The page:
Re: political correctness according to Hugo de Garis

Peter C. McCluskey (
Sun, 12 Jan 1997 20:44:37 -0800 (David McFadzean) writes:
>Causal Factors. There are both social and biological reasons for these
>differences. At the social level there are both subtle and overt
>differences between the experiences, expectations, and gender roles of
>females and males. Relevant environmental differences appear soon after
>birth. They range from the gender-differentiated toys that children

>So if de Garis defines genius narrowly to mathematical or scientific
>genius (which I would personally disagree with), then this report seems
>to support his claim to some extent. However I suspect that other factors
>such as social barriers to entry in scientific fields, and possible
>genetic predispositions away from status-seeking endeavors like
>academic ladder climbing have at least as much to do with the phenomenon.

It's possible to find some deeper evolutionary reasons.
Irwin Silverman and Marion Eals, in a paper in _The Adapted Mind_ (ed.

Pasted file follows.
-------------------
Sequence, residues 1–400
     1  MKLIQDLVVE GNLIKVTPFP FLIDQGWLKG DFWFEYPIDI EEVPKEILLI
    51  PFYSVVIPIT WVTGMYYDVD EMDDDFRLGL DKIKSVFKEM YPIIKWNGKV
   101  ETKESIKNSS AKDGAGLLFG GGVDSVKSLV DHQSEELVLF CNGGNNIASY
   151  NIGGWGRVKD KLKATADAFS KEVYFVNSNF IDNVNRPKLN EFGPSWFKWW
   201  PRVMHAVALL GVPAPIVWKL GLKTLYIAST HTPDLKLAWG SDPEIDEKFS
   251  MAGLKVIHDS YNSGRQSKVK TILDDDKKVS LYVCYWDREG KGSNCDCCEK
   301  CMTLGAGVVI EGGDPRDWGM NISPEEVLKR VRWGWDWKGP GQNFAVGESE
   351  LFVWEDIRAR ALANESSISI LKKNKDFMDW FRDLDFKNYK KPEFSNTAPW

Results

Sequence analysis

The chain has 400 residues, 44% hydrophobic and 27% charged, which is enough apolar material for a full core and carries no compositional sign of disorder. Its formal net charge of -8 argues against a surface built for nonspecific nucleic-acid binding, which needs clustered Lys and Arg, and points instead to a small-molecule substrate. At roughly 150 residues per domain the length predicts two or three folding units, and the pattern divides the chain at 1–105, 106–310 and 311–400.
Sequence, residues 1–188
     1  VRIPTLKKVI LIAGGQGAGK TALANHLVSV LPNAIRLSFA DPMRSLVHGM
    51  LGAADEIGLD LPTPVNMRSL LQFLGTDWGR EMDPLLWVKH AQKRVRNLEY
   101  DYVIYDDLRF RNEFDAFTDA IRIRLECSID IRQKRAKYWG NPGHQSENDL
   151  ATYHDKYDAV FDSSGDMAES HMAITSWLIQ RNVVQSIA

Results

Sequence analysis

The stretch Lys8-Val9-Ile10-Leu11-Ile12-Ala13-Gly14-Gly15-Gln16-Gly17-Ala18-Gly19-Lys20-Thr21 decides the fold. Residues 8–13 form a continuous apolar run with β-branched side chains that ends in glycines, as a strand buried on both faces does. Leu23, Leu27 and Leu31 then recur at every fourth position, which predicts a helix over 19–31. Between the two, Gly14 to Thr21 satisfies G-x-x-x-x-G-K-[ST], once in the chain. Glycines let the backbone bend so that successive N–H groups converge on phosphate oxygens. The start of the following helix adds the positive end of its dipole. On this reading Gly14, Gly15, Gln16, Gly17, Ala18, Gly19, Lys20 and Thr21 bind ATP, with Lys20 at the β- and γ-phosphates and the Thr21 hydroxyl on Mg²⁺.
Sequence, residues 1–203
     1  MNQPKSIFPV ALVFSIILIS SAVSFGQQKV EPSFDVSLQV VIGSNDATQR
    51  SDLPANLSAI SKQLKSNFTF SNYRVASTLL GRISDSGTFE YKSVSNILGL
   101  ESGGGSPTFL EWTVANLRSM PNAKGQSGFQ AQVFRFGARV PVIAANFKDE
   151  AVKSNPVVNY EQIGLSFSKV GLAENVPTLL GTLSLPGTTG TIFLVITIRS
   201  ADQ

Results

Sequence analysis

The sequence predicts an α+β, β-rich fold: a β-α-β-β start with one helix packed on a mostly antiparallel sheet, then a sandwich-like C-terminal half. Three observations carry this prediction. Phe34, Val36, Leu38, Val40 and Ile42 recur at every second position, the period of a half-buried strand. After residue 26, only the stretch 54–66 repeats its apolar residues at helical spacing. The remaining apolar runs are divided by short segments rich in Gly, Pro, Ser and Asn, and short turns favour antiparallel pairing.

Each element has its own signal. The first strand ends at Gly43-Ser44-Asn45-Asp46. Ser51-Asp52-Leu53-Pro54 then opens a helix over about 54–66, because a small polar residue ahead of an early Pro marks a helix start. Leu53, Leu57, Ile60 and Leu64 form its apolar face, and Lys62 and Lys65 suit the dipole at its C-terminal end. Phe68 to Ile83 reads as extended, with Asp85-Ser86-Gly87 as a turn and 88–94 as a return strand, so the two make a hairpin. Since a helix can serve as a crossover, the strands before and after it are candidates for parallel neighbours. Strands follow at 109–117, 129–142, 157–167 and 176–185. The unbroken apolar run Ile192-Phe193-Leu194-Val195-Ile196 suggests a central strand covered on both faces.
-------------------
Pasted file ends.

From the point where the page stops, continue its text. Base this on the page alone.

by Barkow, Cosmides and Tooby), assumed that the differences in cognitive
abilities between the sexes were a result of specializations for hunting
in men and foraging in women. They were able to use this hypothesis to
construct a test of cognitive spatial abilities on which women scored
significantly higher than men (it emphasized memorizing the locations
of a large number of different objects).
So it appears that we can create a definition of genius for which a
majority of geniuses are female. But it isn't obvious that what such a
definition captures is as valuable as what the standard definition

Peter McCluskey |                        | "Don't blame me. I voted | | for Kodos." - Homer Simpson |     |